Flag Power in The Red Badge of Courage
Henry Fleming, after receiving his red badge of courage‹a blow to the head‹takes over the role of color-bearer during a vicious combat. As he sees his comrade sink to the ground in pain, he fights with his friend Wilson for the esteemed position of flag-bearer and finally wrenches the Union colors from the grasp of the dying man. With the flag in hand, Henry feels immediately empowered; the ubiquitous symbol of freedom and courage invests
middle of document…
The flag as a "beautiful bird" strikes Henry prior to his first true experience of battle gore; he has fought, but not at the height of aggression as we observe later in the novel. After this description of the flag and his affinity towards its symbolism, Henry runs away from the troops. Immediately before he scampers towards the back of the line and away from his regiment, Crane describes the flag as "sometimes eaten and lost in this mass of vapor, but more often, it projected, sun-touched, resplendent" (31). The flag, throughout, is described as something holy and divine; however, Henry sees this and then "into the youth's eyes there came a look that one can see in the orbs of a jaded horse. His neck was quivering with nervous weakness and the muscles of his arms felt numb and bloodless" (31). Henry's sudden feeling of fear and hatred for the war cause him to lose himself "in this mass of vapor." The flag, though described with glory, is the first symbol that drives Henry to distraction.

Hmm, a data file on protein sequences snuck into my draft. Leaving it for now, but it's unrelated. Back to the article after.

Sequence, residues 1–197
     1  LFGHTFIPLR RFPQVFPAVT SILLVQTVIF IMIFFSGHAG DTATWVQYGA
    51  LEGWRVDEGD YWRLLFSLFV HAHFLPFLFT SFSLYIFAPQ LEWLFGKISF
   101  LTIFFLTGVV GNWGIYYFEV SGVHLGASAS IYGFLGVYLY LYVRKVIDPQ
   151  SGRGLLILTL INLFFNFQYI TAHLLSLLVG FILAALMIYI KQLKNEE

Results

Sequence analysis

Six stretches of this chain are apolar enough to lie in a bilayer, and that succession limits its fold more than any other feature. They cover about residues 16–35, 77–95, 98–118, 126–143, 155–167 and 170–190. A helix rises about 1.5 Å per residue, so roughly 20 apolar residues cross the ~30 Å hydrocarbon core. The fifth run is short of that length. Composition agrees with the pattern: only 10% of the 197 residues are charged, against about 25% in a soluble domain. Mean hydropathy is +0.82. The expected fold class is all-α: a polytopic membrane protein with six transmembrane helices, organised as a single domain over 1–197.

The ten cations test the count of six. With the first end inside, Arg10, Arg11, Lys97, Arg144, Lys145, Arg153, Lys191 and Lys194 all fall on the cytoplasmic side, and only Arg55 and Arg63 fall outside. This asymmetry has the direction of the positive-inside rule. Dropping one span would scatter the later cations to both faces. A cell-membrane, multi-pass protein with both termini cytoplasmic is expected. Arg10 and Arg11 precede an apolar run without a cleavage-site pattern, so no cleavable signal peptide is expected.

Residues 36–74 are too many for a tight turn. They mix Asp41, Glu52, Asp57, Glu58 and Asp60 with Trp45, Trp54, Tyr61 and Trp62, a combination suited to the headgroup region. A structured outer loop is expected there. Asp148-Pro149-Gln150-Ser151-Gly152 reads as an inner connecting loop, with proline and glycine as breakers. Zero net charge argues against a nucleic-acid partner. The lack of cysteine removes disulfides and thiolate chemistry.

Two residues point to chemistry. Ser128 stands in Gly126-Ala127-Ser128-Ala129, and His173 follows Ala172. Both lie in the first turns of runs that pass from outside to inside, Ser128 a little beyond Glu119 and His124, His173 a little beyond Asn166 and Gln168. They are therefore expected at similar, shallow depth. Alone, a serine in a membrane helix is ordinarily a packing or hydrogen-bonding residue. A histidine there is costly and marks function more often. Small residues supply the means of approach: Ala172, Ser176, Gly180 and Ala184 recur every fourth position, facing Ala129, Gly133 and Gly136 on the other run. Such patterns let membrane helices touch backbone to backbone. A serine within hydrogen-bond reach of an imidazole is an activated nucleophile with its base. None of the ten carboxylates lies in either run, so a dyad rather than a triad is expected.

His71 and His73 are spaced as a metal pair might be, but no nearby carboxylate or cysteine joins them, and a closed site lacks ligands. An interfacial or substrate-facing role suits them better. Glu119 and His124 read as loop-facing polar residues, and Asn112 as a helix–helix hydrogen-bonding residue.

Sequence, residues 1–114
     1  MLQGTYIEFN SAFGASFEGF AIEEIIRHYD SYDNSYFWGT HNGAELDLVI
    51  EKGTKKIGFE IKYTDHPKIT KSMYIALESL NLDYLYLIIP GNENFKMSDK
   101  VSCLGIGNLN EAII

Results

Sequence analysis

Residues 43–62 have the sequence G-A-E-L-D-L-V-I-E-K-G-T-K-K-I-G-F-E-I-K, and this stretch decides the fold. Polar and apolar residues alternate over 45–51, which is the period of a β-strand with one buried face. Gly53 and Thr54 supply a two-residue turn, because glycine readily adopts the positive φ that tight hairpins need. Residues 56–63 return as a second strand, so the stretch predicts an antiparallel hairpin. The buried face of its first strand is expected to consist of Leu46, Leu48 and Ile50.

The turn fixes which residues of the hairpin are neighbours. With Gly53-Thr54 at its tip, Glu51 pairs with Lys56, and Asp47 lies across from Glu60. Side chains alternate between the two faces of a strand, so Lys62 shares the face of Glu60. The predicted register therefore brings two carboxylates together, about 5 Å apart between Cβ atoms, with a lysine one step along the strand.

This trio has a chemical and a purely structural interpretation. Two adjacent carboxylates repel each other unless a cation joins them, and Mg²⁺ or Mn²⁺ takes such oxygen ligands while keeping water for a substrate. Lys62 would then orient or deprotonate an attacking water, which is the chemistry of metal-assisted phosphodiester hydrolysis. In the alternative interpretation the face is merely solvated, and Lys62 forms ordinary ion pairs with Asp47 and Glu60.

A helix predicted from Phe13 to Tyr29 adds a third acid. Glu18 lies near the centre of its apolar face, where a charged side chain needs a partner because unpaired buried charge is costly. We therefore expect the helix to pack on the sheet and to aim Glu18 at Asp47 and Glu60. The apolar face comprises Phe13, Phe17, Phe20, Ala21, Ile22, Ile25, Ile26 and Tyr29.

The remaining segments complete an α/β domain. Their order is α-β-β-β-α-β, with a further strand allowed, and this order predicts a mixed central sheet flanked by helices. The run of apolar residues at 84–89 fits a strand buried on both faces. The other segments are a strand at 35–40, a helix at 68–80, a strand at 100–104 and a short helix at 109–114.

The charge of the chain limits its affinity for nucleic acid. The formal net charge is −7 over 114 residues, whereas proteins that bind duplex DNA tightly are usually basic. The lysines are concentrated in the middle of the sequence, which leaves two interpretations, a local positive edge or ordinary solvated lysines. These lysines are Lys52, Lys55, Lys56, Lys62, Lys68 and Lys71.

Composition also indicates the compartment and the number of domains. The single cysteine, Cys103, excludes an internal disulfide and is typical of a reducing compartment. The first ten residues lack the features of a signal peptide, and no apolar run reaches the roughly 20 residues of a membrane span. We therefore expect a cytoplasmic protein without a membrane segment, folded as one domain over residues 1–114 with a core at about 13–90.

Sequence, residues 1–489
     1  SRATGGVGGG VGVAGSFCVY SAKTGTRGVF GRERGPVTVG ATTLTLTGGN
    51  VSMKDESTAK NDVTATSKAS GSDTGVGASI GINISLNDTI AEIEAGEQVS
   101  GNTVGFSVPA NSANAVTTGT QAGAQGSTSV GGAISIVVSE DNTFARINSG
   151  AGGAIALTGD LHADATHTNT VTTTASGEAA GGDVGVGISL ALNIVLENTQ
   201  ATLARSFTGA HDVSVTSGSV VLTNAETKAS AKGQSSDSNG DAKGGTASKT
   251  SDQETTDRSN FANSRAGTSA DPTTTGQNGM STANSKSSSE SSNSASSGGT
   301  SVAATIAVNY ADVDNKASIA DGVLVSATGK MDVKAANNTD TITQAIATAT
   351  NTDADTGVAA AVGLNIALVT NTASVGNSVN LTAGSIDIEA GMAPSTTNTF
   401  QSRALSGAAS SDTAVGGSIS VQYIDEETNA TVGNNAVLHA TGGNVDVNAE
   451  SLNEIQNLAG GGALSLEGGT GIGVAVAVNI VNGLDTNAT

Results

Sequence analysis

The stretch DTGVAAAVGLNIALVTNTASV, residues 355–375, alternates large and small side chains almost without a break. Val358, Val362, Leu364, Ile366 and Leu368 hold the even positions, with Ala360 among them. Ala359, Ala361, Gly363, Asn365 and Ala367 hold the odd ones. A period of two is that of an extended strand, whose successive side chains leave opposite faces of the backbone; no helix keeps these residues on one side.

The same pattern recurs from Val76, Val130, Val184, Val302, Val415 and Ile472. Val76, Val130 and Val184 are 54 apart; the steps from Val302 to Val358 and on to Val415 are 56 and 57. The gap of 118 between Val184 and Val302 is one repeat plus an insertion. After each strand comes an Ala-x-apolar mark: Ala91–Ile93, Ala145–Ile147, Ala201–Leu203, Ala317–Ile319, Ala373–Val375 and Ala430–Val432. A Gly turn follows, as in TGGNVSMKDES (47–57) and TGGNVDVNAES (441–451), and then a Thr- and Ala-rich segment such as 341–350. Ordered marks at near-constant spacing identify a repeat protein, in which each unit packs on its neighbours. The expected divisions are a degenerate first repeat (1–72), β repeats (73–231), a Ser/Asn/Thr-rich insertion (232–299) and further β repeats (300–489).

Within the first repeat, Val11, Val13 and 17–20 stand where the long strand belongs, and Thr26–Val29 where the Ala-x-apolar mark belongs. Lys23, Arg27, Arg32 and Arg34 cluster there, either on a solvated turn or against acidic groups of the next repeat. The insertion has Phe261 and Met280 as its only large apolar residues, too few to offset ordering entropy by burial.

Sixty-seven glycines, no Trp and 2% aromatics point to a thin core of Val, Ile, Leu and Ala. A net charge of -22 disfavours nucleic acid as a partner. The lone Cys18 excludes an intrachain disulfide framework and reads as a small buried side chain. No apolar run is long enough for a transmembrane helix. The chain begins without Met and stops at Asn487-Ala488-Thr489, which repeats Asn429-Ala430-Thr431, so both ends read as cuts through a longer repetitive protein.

As he berates himself for escaping the regiment, Henry again thinks of the flag and feels even more fear of battle. By observing his feelings about the symbolic colors, Crane markedly presents his awakening fear and then descending empowerment throughout the novel's chronology. In this instance, Henry thinks of the flag and wishes for death. "If the army had gone gloriously on he would be lost. If the din meant that now his army's flags were